But what wasbehind the decision to create a biotech facility on this scale in Switzerland? "In the case of biopharmaceuticals, the production process in itself is part of the product," Regelin explains. "That's why the production conditions are so important. This applies not only to the cell culture but also to the purification of the therapeutic protein, combined with state-of-the-art utilities systems, cleanrooms as well as fully compliant Quality Systems. 

    We therefore need highly skilled and trained employees, the right know-how, and the very best raw materials. Even the stainless steel of the bioreactors and the silicon for the tubes need to be of the very best quality. Moreover, in Switzerland we have good access to the important regulatory bodies, proximity to the most prestigious academics and universities, a reliable political environment, and good access to the sales markets and distribution channels. All of these factors speak for Corsier-sur-Vevey."
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  • Perfusion or fed-batch


    Active ingredients for biopharmaceuticals are produced in one of two ways. With perfusion technology, the cells in the bioreactor are continuously supplied with fresh culture medium. At the same time, culture harvests that already contain the therapeutic protein are drawn off and purified. This process is only suitable for producing small amounts, as in the case of Rebif®.



  • Enlarge

  • The fed-batch method is used for larger amounts. Here the cells are successively cultivated in larger and larger bioreactors, beginning with 120 liters and finishing with 15,000 liters. As soon as the cells have multiplied sufficiently, they are transferred to the next-largest bioreactor including successive medium feeds. At the end of the process, the entire content of the final bioreactor is harvested and the valuable therapeutic protein is purified. Following the recent expansion, the site now has eight bioreactors with a capacity of 15,000 liters each.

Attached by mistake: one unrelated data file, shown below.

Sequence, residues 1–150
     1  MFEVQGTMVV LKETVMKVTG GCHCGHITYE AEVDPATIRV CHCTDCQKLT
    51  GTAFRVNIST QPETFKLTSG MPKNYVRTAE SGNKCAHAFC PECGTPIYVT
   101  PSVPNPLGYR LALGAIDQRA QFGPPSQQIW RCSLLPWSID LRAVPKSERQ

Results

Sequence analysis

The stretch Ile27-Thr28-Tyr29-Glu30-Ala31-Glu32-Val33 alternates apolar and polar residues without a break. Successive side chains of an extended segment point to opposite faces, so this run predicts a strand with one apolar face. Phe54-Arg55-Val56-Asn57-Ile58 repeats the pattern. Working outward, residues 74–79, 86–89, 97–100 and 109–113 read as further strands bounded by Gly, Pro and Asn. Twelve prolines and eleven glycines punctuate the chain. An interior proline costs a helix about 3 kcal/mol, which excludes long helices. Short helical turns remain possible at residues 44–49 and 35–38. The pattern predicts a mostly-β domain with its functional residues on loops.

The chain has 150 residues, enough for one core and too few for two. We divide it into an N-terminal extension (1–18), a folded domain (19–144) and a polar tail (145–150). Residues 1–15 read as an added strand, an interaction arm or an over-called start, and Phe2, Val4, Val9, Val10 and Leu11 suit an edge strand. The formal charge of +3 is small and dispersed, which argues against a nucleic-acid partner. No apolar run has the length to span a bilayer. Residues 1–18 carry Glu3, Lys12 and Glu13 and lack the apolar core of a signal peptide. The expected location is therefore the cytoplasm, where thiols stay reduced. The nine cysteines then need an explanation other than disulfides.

Production of biopharmaceuticals in glass reactors

    Production of biopharmaceuticals in glass reactors

    © EMD Serono

    Development and production under one roof


    At the expanded EMD Serono Biotech Center, process development and production are neatly dovetailed. "Close proximity and rapid communication mean that we can react very flexibly," Regelin explains. Process development begins in the Cell Sciences Department. It is here that the gene with the blueprint for producing the biopharmaceutical is introduced into the animal cells.

    The next task is to select cell lines that produce the therapeutic protein in high yields and outstanding quality. These cell lines are then handed to Process Development, which determines the optimal conditions for cultivation and purification. "We investigate every parameter imaginable: the makeup of the culture medium, the temperature, pH value, ventilation, and a whole lot besides," says Matthieu Stettler.

  • The top four biopharmaceuticals from EMD by salesEnlarge
  • The top four biopharmaceuticals from EMD by sales
    Source: EMD Annual Report 2012

    2013/4/16

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    All of this is part of the development of a fully commercial production process. Since 2011, Stettler and his colleagues have been using robots to simultaneously test as many parameters in parallel as possible using a minimal amount of cells. 

    As a result, the number of cultures tested last year rose sixfold compared to the total of 1,000 in 2008. Similarly, plant-engineering software and automation ensure that all of the production processes are closely monitored and controlled. The concept is known as “E-plant” including electronic batch records. Despite such high standards, Regelin and his team are always on the lookout for further ways of improving the operation. "There's always potential for improving any process," he says. "In the three years from 2010 to 2012, we increased our Rebif® production yield by 50 percent."